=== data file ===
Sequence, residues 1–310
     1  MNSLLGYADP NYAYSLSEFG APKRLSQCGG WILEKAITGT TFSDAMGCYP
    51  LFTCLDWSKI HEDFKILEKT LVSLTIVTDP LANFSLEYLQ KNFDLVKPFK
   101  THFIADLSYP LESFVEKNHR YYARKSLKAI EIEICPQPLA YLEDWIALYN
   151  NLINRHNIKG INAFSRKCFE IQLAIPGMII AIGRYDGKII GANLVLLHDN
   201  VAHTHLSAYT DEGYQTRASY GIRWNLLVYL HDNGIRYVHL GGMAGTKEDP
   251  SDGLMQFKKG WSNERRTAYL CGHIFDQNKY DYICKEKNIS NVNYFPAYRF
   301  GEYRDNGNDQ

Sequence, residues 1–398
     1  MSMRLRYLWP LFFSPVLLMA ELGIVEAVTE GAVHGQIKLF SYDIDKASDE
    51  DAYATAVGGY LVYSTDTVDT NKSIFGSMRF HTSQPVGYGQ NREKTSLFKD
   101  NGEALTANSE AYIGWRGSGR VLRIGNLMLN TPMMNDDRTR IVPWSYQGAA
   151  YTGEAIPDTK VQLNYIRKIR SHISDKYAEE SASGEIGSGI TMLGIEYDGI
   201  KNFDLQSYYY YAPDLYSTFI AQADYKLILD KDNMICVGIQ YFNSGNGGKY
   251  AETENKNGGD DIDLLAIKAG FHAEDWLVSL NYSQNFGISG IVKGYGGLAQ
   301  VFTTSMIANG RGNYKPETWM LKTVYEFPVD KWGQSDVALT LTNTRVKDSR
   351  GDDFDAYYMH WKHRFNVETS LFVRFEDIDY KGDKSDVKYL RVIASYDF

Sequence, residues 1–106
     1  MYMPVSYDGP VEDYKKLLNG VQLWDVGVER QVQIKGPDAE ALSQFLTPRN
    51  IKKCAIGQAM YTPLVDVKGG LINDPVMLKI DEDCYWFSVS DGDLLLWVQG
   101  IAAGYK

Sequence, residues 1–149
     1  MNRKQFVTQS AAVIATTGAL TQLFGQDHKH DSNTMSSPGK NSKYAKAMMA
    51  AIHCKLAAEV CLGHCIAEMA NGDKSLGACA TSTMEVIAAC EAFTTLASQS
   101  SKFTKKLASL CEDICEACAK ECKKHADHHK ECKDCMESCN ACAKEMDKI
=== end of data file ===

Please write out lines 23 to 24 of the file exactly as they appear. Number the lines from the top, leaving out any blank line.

     1  MNRKQFVTQS AAVIATTGAL TQLFGQDHKH DSNTMSSPGK NSKYAKAMMA
    51  AIHCKLAAEV CLGHCIAEMA NGDKSLGACA TSTMEVIAAC EAFTTLASQS